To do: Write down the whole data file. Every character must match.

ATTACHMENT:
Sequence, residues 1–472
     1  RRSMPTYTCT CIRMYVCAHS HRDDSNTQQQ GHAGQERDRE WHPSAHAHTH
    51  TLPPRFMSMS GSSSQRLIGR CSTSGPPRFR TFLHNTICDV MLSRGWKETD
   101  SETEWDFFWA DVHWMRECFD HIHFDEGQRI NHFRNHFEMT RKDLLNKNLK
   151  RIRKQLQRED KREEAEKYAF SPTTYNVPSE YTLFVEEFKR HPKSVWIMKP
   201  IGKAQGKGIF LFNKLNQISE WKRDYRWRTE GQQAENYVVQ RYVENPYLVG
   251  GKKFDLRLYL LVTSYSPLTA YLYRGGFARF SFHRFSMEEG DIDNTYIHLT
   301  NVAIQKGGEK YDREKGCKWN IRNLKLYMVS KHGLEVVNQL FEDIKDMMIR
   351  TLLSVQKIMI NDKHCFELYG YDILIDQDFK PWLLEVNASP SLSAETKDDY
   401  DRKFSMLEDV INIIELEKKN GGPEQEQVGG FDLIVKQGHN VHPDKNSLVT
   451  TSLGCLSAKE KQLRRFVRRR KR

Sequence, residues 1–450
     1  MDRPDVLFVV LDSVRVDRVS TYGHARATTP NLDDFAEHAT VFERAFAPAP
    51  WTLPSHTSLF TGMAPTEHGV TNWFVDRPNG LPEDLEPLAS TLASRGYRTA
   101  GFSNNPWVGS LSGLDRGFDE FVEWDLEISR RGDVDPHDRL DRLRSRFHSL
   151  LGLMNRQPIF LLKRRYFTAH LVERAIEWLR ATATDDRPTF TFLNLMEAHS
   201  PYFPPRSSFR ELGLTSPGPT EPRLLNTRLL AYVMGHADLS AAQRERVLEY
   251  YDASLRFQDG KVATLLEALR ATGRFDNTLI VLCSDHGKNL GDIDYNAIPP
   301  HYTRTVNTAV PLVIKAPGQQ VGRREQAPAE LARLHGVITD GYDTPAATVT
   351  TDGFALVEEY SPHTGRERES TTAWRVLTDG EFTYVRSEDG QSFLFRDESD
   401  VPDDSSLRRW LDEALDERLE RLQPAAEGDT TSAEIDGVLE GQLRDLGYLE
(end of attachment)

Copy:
Sequence, residues 1–472
     1  RRSMPTYTCT CIRMYVCAHS HRDDSNTQQQ GHAGQERDRE WHPSAHAHTH
    51  TLPPRFMSMS GSSSQRLIGR CSTSGPPRFR TFLHNTICDV MLSRGWKETD
   101  SETEWDFFWA DVHWMRECFD HIHFDEGQRI NHFRNHFEMT RKDLLNKNLK
   151  RIRKQLQRED KREEAEKYAF SPTTYNVPSE YTLFVEEFKR HPKSVWIMKP
   201  IGKAQGKGIF LFNKLNQISE WKRDYRWRTE GQQAENYVVQ RYVENPYLVG
   251  GKKFDLRLYL LVTSYSPLTA YLYRGGFARF SFHRFSMEEG DIDNTYIHLT
   301  NVAIQKGGEK YDREKGCKWN IRNLKLYMVS KHGLEVVNQL FEDIKDMMIR
   351  TLLSVQKIMI NDKHCFELYG YDILIDQDFK PWLLEVNASP SLSAETKDDY
   401  DRKFSMLEDV INIIELEKKN GGPEQEQVGG FDLIVKQGHN VHPDKNSLVT
   451  TSLGCLSAKE KQLRRFVRRR KR

Sequence, residues 1–450
     1  MDRPDVLFVV LDSVRVDRVS TYGHARATTP NLDDFAEHAT VFERAFAPAP
    51  WTLPSHTSLF TGMAPTEHGV TNWFVDRPNG LPEDLEPLAS TLASRGYRTA
   101  GFSNNPWVGS LSGLDRGFDE FVEWDLEISR RGDVDPHDRL DRLRSRFHSL
   151  LGLMNRQPIF LLKRRYFTAH LVERAIEWLR ATATDDRPTF TFLNLMEAHS
   201  PYFPPRSSFR ELGLTSPGPT EPRLLNTRLL AYVMGHADLS AAQRERVLEY
   251  YDASLRFQDG KVATLLEALR ATGRFDNTLI VLCSDHGKNL GDIDYNAIPP
   301  HYTRTVNTAV PLVIKAPGQQ VGRREQAPAE LARLHGVITD GYDTPAATVT
   351  TDGFALVEEY SPHTGRERES TTAWRVLTDG EFTYVRSEDG QSFLFRDESD
   401  VPDDSSLRRW LDEALDERLE RLQPAAEGDT TSAEIDGVLE GQLRDLGYLE